Gender Affirming Procedures

Can A MTF Get A Period?

The technical definition of menstruation is when a woman’s uterus sheds its lining if there isn’t a baby to nurture. This leads to the loss of menstrual fluid, which contains various fluids, blood, and uterine tissue.

While hormones do trigger these physical symptoms, it is only possible to experience menstrual bleeding (a period) if the woman has a uterus and ovaries. The mental and emotional symptoms of menstruation or PMS, however, can be experienced by anyone who has a certain level of hormones like estrogen or progesterone. In transgender women, these hormones grow breast tissue, redistribute fat to other body areas, and help prevent hair loss and male pattern baldness.

PMS Navigation Tips For Trans Women

Symptoms of PMS (premenstrual syndrome) can be hard to diagnose. Knowing what to expect can help you figure out if PMS is causing your issues.

Once you start hormone replacement therapy, you may start to notice a pattern of any depression or anxiety spikes you get throughout the month. Some transwomen can be extremely sensitive to HRT. Estrogen and progesterone can lead to mental and emotional symptoms like anxiety, depression, irritability, and mood swings. Other symptoms include physical changes, like bloating, headaches, and tender chest tissue. You may also notice fatigue and that you are sleeping more or less than usual. It won’t hang on for long. These symptoms will clear up after a week or so.

PMS Care

Pampering yourself can go a long way toward making you feel less anxious and depressed about things when you’re PMSing. A bubble bath or a nice massage can be enough for most women; however, if your stress levels are high, you may need a little more than an hour or two of alone time or your favorite flavor of coffee drink to get you through.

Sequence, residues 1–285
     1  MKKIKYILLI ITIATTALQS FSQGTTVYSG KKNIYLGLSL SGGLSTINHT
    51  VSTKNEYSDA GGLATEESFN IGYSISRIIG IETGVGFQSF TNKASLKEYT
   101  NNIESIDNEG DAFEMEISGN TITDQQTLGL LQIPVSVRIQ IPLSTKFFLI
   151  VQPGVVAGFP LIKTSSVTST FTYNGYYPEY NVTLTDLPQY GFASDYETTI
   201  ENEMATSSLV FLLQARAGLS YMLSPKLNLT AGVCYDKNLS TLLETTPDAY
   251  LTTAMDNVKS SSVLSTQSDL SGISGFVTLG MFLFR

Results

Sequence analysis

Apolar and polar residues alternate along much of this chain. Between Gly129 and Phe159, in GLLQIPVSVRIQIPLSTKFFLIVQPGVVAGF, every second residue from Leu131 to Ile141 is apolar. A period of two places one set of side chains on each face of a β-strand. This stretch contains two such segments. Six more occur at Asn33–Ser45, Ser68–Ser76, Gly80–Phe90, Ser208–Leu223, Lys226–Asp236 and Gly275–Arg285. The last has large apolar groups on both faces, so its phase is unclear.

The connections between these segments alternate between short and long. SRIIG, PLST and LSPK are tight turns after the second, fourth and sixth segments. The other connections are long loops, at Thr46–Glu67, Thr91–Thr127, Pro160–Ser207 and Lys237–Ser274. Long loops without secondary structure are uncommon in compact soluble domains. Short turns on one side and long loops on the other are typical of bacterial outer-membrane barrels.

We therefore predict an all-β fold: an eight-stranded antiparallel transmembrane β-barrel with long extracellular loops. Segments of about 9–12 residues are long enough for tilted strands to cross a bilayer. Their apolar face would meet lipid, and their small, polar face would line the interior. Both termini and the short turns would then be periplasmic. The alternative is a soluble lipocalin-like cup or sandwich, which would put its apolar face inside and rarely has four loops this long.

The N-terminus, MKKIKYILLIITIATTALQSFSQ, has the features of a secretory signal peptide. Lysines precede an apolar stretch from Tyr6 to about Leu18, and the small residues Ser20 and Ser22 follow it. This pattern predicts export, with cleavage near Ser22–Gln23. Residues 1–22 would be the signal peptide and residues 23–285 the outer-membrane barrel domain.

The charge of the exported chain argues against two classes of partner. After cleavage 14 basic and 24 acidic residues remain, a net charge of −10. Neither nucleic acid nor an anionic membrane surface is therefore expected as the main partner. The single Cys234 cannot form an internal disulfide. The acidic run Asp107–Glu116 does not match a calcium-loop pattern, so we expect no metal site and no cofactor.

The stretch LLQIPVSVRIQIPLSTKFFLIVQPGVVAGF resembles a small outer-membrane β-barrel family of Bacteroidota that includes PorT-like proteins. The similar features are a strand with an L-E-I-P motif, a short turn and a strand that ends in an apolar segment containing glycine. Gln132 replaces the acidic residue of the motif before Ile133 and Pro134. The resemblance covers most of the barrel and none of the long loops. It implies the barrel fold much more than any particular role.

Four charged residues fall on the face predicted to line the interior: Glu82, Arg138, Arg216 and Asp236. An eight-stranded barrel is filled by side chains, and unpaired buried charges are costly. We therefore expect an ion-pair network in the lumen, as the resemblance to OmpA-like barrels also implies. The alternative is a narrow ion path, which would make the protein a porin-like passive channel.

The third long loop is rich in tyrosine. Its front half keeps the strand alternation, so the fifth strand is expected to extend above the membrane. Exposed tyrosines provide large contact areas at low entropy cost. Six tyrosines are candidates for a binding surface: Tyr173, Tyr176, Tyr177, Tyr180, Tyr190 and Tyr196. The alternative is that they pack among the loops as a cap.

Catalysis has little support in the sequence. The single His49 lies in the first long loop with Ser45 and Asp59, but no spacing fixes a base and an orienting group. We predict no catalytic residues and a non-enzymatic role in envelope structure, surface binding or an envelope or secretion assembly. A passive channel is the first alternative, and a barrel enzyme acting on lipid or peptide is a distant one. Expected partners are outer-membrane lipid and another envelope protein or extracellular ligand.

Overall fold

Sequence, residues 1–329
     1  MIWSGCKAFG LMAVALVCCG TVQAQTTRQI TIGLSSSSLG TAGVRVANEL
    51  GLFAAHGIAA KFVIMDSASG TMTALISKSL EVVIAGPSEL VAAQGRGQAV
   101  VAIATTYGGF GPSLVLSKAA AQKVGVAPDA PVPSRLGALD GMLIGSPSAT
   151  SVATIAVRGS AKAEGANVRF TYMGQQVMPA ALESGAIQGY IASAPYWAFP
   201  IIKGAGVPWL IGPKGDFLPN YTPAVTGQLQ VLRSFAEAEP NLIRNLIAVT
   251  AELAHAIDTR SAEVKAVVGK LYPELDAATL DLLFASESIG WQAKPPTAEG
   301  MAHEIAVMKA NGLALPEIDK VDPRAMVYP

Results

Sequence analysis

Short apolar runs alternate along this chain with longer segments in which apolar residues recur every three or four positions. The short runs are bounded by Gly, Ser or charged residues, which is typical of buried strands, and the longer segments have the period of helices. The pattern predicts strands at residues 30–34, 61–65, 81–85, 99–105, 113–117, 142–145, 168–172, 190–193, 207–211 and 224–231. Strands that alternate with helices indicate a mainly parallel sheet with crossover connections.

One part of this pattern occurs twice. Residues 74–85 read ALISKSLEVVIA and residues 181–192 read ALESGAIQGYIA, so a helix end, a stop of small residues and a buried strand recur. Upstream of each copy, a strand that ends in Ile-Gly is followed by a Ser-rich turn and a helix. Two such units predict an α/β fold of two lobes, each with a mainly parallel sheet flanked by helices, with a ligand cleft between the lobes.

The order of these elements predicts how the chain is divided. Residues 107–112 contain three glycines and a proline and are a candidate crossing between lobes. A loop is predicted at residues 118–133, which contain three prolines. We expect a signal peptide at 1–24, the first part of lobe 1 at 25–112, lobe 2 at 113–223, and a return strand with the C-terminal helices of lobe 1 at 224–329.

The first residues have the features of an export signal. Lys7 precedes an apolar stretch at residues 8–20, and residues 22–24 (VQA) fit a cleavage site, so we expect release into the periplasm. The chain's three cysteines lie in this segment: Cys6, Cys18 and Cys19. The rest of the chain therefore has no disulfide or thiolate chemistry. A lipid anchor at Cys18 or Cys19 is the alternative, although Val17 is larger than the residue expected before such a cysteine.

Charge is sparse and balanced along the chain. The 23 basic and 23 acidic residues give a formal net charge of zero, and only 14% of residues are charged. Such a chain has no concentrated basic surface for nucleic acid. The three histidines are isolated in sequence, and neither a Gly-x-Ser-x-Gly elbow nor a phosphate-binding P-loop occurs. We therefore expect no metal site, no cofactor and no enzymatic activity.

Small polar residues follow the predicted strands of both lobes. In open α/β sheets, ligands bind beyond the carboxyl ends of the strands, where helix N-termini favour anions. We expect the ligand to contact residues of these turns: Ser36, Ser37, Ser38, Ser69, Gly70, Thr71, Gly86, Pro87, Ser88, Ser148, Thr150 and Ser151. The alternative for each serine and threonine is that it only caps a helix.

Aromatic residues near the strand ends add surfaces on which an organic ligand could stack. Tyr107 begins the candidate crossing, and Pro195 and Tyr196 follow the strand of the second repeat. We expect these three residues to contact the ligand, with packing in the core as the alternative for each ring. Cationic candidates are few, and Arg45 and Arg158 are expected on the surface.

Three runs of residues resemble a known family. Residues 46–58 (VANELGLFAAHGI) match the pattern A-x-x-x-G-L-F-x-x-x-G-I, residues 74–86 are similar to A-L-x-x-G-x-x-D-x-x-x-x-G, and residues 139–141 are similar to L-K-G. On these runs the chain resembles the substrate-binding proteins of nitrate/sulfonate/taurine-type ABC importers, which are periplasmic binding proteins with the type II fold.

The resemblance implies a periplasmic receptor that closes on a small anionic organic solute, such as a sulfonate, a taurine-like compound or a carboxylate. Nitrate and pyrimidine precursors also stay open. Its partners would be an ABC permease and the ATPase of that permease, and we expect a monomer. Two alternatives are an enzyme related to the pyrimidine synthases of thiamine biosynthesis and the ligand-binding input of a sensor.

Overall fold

Though people often say they’re indulging in a day of self-care, they rarely take time away from their jobs, daily life, and–most importantly–electronic devices. Instead, they might treat themselves to an expensive purchase, like that nice pair of shoes they swore they wouldn’t buy. But if you’re really struggling emotionally, you’ll need to take self-care seriously. Try staying off social media when your emotions are at their most intense. This simple move can help you increase the happy hormones in your brain. Add in a little time in the sun to get that vitamin D surging, plus some extra rest, and you’ll feel good before you know it.

Supporting Trans Women Through Their PMS Symptoms

It’s good for trans women to remember that they are not alone when they experience PMS symptoms. Millions of women across the globe deal with the physical and mental realities of PMS. In fact, common symptoms can really create a connection between women. Knowing that someone else is in the same situation and going through the same tough time that you are can help you feel better. Surround yourself with positive people who care about you. Don’t forget to be one of those people as well. It’s important to support your friends and family through their emotionally rough times, whatever the cause may be.


These tips will help transgender women recognize and navigate the emotional, mental, and physical symptoms of PMS. With support and encouragement, you can manage your symptoms. Don’t forget: a little self-care goes a long way toward making you feel better sooner.